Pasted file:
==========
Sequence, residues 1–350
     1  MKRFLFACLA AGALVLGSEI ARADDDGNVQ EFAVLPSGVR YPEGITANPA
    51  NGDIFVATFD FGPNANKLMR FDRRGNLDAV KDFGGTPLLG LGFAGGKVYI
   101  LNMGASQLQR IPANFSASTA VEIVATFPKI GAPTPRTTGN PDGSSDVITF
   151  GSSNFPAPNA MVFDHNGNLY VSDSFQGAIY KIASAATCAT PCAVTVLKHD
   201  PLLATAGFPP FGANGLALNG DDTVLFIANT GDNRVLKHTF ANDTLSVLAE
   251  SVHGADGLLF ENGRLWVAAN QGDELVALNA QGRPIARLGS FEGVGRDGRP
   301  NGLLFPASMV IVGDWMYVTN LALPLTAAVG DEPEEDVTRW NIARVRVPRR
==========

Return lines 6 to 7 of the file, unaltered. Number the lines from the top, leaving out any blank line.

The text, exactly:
   201  PLLATAGFPP FGANGLALNG DDTVLFIANT GDNRVLKHTF ANDTLSVLAE
   251  SVHGADGLLF ENGRLWVAAN QGDELVALNA QGRPIARLGS FEGVGRDGRP